Culture means different things to people; from art to sport, music, theatre, dance and much more. In our series of 'Our Community' interviews, we introduce you to some the many Sotonians who have helped to keep culture alive in our city throughout the recent pandemic.
Today we caught up with Matthew West, Director of ArtfulScribe;
a not-for-profit writer development agency based in Southampton. ArtfulScribe support emerging and continuing writers to create new work and develop skills through writing workshops, live events and career-development opportunities.
Tell us about yourself and your links to Southampton
I was born in Southampton and went to Bellemoor School in the early Eighties. Southampton was such a different place then. Coming from a working class family, the city was pretty much all we had. It seemed a strange idea that there were other places to visit. I mean, why would you? I grew up in Tanners Brook and spent a fair bit of time in Maybush, before going to University of Southampton in my early thirties and studying for an English degree followed by a Creative Writing Masters.
Why is Southampton special to you?
Southampton is a place where anything is possible. Unlike other cities where there’s more competition, in Southampton there’s so much potential, waiting for people with a little ambition and a good idea to step forward. I get to work with some cool people who are making a real difference in other people’s lives, thanks to their creative drive and determination.
What’s your favourite place in Southampton?
I love the Common. There are so many memories associated with that place. Choking on a boiled sweet in the old concrete paddling pool as a toddler was hard to forget; taking my niece and nephew out to scream at the top of their lungs in school holidays, or more sedately, sunbathing, reading a book, paying a visit to mother who lives on the other side of the park. I run there most days as well. There’s a sweet familiarity about it.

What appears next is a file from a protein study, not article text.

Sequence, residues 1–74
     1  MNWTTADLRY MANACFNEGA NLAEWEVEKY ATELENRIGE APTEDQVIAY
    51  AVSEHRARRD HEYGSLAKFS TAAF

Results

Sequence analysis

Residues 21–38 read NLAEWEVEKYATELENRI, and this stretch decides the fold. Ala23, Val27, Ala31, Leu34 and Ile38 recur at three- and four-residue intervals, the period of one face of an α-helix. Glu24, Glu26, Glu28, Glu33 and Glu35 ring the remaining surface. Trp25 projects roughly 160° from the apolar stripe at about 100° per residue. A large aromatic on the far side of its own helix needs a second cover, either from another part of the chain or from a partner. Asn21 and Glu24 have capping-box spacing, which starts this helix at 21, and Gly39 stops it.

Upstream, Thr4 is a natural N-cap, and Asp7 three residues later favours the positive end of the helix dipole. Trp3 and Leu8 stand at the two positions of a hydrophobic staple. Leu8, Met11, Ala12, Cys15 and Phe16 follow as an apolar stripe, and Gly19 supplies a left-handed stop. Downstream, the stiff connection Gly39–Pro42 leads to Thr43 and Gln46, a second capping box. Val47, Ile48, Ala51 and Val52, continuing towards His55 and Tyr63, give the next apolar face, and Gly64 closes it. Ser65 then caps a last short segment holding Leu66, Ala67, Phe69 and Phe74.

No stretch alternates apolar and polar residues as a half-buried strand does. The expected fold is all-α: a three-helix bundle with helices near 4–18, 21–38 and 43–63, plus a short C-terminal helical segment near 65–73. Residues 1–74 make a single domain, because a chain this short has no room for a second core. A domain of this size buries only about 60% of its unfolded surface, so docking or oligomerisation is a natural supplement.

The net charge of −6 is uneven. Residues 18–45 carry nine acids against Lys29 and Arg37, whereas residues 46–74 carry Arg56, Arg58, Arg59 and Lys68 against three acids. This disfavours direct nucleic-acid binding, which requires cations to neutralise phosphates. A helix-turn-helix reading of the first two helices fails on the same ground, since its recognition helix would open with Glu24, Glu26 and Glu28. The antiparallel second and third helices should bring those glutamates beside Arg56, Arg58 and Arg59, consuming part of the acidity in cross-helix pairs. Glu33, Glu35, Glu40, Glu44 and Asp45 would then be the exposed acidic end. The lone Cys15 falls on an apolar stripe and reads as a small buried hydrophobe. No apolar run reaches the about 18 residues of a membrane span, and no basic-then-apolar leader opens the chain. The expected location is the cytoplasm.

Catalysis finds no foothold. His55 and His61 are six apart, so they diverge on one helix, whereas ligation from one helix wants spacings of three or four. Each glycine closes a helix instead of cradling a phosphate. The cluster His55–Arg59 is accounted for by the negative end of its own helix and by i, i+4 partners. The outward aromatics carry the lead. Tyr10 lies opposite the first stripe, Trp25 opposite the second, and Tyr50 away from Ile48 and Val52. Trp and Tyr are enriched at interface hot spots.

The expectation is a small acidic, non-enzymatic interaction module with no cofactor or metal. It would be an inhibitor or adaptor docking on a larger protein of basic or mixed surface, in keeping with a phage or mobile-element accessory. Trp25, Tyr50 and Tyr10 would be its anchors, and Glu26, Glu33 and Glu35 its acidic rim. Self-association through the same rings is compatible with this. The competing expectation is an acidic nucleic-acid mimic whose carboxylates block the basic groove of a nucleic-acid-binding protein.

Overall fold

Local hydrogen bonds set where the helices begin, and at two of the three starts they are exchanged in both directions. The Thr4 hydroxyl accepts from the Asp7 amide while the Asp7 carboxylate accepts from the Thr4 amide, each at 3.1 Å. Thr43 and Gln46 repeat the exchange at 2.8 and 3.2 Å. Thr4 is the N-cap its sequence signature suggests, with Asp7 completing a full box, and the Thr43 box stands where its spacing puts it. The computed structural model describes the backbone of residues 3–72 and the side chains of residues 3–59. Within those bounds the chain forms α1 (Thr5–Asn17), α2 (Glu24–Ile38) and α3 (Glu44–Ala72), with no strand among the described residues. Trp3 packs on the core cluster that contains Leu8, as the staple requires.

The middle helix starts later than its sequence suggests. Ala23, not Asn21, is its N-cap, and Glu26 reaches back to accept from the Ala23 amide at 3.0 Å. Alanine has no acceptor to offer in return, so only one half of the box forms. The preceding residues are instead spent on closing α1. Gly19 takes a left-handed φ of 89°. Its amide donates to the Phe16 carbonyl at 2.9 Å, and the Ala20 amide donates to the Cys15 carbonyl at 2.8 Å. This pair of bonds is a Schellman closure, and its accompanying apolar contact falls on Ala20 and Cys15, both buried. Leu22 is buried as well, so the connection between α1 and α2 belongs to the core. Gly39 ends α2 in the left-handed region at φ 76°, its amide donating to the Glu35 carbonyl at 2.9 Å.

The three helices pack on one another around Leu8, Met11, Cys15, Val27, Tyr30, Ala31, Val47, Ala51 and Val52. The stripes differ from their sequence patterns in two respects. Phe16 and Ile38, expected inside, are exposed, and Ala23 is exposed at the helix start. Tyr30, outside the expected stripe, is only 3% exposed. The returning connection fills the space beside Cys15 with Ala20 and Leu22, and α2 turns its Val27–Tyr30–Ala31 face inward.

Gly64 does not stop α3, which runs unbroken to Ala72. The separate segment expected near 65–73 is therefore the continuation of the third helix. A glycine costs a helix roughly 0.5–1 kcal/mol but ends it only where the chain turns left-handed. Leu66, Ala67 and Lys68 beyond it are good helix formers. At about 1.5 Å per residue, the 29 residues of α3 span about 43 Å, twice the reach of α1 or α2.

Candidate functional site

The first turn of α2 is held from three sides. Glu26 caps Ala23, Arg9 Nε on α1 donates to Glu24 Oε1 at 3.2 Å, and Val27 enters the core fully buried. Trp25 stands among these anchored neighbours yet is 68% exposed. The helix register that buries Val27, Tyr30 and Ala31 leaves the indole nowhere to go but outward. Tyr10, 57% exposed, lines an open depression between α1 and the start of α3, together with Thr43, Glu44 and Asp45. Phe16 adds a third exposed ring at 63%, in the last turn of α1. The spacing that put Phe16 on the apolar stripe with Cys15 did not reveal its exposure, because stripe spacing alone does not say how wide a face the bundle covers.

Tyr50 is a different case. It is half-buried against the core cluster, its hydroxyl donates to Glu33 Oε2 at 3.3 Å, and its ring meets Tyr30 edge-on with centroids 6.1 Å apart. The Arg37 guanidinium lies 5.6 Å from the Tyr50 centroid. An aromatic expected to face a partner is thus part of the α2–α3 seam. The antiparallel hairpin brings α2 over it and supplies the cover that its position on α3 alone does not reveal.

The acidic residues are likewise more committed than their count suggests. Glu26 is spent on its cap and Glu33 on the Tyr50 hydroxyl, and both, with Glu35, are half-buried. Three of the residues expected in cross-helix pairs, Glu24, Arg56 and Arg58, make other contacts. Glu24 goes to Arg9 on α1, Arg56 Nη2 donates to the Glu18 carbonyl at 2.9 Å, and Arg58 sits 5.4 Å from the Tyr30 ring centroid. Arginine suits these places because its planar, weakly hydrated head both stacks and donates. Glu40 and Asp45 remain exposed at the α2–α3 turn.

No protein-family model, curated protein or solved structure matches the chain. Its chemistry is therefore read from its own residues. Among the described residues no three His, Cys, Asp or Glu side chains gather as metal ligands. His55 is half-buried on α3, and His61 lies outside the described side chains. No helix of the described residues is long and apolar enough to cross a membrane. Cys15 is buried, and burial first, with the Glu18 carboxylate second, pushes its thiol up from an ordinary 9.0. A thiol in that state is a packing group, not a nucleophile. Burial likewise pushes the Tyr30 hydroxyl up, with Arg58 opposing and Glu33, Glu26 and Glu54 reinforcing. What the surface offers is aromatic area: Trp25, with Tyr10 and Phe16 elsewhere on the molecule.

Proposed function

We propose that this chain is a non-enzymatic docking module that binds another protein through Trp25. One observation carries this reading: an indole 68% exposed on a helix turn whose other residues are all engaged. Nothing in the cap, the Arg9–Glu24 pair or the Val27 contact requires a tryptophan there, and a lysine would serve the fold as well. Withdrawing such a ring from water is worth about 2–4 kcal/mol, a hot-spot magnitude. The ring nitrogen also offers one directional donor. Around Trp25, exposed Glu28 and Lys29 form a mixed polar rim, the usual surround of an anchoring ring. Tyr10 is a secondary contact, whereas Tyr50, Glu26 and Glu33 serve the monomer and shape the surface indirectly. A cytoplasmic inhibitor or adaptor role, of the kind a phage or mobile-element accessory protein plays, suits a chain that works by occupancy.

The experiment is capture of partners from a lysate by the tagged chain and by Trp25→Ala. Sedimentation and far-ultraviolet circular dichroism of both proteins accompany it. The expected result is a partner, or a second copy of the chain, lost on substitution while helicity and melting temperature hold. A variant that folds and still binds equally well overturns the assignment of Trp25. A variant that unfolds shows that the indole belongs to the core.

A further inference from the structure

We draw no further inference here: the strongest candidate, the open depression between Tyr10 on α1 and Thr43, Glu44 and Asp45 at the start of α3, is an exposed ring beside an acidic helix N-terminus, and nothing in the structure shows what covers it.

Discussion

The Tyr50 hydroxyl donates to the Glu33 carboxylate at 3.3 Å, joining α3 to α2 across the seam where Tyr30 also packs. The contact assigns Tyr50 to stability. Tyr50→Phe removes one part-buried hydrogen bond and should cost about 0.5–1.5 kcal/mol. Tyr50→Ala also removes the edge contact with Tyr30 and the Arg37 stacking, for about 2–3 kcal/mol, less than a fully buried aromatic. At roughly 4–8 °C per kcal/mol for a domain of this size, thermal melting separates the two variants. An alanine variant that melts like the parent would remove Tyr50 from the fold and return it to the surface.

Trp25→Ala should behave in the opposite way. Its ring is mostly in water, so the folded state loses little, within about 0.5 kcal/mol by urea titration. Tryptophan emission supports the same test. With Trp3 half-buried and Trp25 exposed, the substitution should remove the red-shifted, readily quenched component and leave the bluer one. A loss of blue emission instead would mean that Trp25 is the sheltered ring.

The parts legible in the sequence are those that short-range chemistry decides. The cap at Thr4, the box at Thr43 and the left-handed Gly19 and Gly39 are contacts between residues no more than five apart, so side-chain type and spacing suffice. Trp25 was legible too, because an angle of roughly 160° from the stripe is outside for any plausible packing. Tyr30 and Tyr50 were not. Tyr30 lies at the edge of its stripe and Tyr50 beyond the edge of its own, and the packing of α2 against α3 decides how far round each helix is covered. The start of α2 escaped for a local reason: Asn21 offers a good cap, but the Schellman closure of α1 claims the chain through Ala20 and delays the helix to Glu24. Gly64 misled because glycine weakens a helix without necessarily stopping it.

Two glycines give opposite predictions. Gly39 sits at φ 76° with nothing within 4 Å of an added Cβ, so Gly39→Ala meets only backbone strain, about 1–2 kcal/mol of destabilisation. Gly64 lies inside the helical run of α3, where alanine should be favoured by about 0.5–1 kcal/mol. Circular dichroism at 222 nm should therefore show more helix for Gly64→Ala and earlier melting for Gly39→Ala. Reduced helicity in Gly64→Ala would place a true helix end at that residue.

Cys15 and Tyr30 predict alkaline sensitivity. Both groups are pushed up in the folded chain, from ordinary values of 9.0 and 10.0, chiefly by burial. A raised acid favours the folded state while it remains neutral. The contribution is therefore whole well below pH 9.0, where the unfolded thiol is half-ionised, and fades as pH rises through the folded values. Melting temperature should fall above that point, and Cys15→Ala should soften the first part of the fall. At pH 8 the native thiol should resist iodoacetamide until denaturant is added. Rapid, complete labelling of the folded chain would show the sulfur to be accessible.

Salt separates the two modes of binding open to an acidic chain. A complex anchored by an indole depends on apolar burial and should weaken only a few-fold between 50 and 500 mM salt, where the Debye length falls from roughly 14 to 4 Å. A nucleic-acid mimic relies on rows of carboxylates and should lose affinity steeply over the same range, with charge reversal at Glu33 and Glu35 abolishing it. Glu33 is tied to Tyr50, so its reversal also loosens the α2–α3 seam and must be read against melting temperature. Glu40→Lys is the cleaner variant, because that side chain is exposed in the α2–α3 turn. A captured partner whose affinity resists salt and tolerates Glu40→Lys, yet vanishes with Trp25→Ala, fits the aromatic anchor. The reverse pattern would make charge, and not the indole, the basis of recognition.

What does culture mean to you?
Culture opens a doorway into other people’s minds, and that’s quite amazing really. We get to build a bit more of the human picture, pulling together threads from all over the world. There’s a melting pot of different nationalities in Southampton, and as a person who’s not so keen on long-distance traveling, I’m grateful to share in different perspectives that help cast a light on who we are.
How has lockdown affected what you do?
Lockdown has been relatively kind to us. We migrated our writing groups online as soon as the pandemic began and have increased engagement numbers because now people can join our sessions from anywhere in the world. We recently hosted a poetry weekend and had people from Zambia, America, Iran, Greece, Italy, and Germany taking part. The pandemic taught us about barriers for people engaging in our activities that we might not otherwise have known; children accessing venues at the weekend, for example, can only do so with parental support and transport. It sounds obvious now, but it wasn’t clear in pre-Covid times. But we do miss live performance and personal interaction with people.
Why should Southampton be named City of Culture 2025?
Southampton should be named City of Culture 25 because it will help those who live here to see the impact arts and culture can make in everybody’s lives, regardless of age, race, gender, or education. There’s some magic in us all and sometimes we only get to see what we can do when others hold a torch for us so we can shine. I hope City of Culture can help Southampton sparkle.